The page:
NEW MILFORD — In recent months we’ve been approached by attractive young (but not indecently young) women with earnest smiles and degrees in marketing, plying us with free lunches and ballpoint pens in return for allowing them to explain the benefits of their employers — the such and such Continuing Care Community which will free us from the drudgery of shoveling and mowing, while bestowing on us all the joys of spacious floor plans, indoor pools with water aerobics, fine dining and on site medical staff…
Well it’s part of the zeitgeist these days: modern medicine and changing demographics have created a growing number of retirees who hope to live happily — if not ever after, at least for a good long time — and so sensing a need, these facilities have sprung up, promising that until its finally time to actually sail into the sunset, your golden years can be like a perpetual Princess Line Cruise (but with ample toilet paper). Be proactive, they urge. Sell your house, sign on the dotted line, and let the festivities begin…
It’s easy to poke fun, but for many people retirement is a critical stage. With the children gone from the nest, and your old job filled by a perfectly competent replacement, your identity is up for grabs. Deciding what to do with yourself can be both invigorating and terrifying. That’s the emotional limbo faced by Charlie and Nancy, an appealing suburban couple enjoying a picnic on a deserted beach, because they can. Charlie has retired. They can do and go anywhere they like — and so begins what is clearly an old pattern of bickering, Edward Albee style. This is the driving force of Seascape, which continues at TheatreWorks New Milford until May 25.
Nancy, masterfully portrayed by Noel Desiato, is chafing at the bit, anxious to get on with new adventures, dreaming of traveling the world to explore beautiful deserted beaches everywhere. Charlie, played with cheerfully serene passive aggression by J. Scott Williams, would prefer to do nothing. After a busy and strenuous corporate career, he just wants to rest. He thinks about holding his breath and sinking down to the ocean floor, where he can just be still and watch the fish swim by.
Their playful quarrel is interrupted by the arrival of Sarah and Leslie, a pair of bright green human-sized lizards who suddenly appear crawling over the sand dune. Panic stricken, Charlie wants a gun or a stick — the primordial male faced with the need to defend his mate. The lizards, however, are equally terrified and confused by these new humans. They too are caught in an evolutionary moment. As reptiles, crawling out of the sea onto the land for the first time, they are forced to adjust to a strange new environment.
As the two males bluster and posture, the two women begin to make friendly social overtures. The lizards speak English, and have a highly intelligent vocabulary, although they are woefully ignorant about life on shore. Clothing? Airplanes? Child rearing? The lizards understand none of it.
When the females have a conversation about childbearing Nancy confides that she has three children. She explains breastfeeding to a reptile who has no idea what breasts are. Sarah has laid 7,000 eggs, and never given much thought to them after they hatched.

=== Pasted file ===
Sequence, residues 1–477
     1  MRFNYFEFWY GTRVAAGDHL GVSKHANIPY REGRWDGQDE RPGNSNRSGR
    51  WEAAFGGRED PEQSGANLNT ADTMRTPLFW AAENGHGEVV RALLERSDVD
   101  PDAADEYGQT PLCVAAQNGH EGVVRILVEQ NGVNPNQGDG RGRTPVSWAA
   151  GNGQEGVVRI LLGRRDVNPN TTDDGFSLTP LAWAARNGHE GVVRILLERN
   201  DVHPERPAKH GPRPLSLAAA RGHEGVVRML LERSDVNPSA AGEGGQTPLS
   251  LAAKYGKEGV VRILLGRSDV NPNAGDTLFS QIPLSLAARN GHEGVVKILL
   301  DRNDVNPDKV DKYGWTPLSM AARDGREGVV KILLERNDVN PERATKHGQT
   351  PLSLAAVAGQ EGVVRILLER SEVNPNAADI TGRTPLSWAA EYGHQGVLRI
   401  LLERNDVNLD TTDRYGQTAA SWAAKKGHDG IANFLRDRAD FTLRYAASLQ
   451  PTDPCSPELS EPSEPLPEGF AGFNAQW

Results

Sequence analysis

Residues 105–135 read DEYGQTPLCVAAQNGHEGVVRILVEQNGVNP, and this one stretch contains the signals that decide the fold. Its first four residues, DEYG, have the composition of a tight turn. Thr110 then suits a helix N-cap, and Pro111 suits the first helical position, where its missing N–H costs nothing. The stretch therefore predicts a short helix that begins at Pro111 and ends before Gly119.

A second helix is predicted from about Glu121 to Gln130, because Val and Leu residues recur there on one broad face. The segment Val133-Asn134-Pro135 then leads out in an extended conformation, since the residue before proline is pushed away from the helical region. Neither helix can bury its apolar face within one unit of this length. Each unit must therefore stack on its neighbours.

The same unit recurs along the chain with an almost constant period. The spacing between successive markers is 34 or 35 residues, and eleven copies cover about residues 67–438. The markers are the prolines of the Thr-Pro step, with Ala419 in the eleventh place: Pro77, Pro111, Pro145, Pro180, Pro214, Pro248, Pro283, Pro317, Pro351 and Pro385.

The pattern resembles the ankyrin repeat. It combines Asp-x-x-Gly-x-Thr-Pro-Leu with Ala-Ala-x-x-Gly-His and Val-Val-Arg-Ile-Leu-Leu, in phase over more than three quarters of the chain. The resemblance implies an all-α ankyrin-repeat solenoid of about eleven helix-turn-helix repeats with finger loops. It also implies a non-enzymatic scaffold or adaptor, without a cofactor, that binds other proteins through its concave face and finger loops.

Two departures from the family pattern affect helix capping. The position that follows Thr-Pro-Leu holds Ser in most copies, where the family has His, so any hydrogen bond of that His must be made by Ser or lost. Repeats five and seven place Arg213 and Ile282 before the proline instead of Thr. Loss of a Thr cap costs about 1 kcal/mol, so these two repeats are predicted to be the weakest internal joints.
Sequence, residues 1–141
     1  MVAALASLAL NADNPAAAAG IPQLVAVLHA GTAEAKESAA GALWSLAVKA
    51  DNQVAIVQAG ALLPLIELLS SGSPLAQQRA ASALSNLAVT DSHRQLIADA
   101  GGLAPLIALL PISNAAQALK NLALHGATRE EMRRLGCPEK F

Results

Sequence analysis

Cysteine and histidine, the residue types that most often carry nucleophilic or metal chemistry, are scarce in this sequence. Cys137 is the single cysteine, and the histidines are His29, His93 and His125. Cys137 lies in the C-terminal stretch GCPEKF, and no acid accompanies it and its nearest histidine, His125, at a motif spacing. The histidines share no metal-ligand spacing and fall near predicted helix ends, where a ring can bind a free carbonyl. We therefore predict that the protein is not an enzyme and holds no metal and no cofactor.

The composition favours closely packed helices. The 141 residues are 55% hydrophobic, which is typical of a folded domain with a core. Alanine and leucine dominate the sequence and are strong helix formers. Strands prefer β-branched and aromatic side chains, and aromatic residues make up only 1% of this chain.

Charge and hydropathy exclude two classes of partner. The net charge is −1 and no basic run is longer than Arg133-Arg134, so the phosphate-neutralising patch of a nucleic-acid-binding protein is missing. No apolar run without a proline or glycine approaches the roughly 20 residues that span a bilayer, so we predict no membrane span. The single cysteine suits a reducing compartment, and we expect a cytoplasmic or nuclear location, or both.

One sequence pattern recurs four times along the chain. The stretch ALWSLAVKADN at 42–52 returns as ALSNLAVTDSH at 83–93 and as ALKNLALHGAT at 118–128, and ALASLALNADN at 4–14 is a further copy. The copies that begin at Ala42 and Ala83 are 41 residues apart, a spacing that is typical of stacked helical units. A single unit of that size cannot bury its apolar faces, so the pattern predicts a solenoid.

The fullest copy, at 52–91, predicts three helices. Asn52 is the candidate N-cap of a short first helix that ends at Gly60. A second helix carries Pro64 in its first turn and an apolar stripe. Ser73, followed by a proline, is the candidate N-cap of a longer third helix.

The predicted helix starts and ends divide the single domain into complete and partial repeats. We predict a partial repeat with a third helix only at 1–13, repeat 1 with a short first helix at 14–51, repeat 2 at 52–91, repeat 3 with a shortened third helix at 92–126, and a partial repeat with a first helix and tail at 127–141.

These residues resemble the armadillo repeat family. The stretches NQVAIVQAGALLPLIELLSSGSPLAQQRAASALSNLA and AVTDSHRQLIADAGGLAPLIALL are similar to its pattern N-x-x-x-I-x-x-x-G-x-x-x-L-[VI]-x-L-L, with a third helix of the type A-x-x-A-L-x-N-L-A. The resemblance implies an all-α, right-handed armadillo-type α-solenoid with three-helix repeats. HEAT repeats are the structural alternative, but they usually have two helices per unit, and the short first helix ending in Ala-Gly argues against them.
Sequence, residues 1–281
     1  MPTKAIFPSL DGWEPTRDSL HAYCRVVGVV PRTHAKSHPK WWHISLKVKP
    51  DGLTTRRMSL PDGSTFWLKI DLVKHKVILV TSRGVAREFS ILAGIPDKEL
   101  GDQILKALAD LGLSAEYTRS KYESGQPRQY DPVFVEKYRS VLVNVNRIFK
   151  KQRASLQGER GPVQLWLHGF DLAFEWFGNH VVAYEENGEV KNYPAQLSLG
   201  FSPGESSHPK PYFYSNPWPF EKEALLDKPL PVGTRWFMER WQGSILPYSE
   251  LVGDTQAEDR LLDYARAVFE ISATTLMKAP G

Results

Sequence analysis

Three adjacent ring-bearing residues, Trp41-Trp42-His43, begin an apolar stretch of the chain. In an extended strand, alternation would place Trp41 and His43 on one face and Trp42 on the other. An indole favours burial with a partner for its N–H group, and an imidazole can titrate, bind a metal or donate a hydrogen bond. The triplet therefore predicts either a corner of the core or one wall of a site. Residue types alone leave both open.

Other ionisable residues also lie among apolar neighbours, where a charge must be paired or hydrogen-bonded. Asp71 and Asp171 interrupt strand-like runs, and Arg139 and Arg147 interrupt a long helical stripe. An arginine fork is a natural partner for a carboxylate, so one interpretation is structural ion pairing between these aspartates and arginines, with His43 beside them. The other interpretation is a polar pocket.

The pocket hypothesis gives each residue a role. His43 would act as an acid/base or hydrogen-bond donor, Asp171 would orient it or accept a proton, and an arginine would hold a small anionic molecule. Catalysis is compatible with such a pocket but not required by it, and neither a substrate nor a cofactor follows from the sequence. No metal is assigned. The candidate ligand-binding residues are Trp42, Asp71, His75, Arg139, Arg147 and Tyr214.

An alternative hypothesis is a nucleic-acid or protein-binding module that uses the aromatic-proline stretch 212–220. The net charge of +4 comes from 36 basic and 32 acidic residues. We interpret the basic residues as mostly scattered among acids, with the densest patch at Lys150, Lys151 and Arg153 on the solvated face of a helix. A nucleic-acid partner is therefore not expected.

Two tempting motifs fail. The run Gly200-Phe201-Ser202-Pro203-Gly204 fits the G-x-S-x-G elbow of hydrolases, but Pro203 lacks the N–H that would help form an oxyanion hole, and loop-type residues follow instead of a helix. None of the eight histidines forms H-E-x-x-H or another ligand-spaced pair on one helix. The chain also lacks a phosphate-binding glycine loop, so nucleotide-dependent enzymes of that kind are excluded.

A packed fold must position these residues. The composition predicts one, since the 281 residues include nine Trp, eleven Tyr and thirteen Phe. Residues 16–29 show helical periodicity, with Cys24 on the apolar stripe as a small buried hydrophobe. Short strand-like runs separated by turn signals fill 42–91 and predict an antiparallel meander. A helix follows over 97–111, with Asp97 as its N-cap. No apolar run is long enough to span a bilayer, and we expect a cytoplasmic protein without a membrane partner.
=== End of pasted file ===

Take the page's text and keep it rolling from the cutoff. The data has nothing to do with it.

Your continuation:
The lizards understand words, but ideas are more difficult. Grudgingly, Charlie explains evolution to them. Leslie and Sarah have come on land because they have changed; they no longer feel like they belong in the water. They discuss the concept of emotions. At first the lizards don’t understand. It is not part of their experience.
But when Charlie asks Sarah if she would be upset if she never saw her husband again, and urges her to think about it, she starts to cry. This makes Leslie angry. Why did you make my wife cry? I want to hit you!
Love, fear, and anger… for the first time, the lizards are feeling emotions. They are painful, and they would like to retreat back into the comfortable water, but it won’t be the same. They have evolved, on their way to becoming human. And for Charlie and Nancy come the realization that their lives too are in a state of flux. For them it is the evolution of a marriage. Their traditional roles are changing; but for as long as they are alive they must be prepared to leave the familiar and comfortable, and move along on the road to new challenges.
Director Chesley Plemmons gets wonderfully nuanced performances from his actors, including Desirae Carle as Sarah and James Hipp as Leslie. And Leslie Neilson Bowman has outdone herself in creating amazing, glittering, scaly lizard costumes. Along with an attractive set by Glen Couture and Rich Pettibone, New Milford is offering a fine rendition of this Thurberesque fable about species that pass in the afternoon. The play won Albee a Pulitzer back in 1975 when it opened on Broadway, and, unlike most of the playwright’s work, it is funny and optimistic, as it deals with the transitional stages in life, and the fear and anxiety attendant upon leaving familiar patterns, in order to strike out for something new.
Performances continue to May 25, with curtain on Friday and Saturday at 8 pm. Tickets are $23.
Call 860-350-6863 or visit theatreworks.us for reservations and additional information.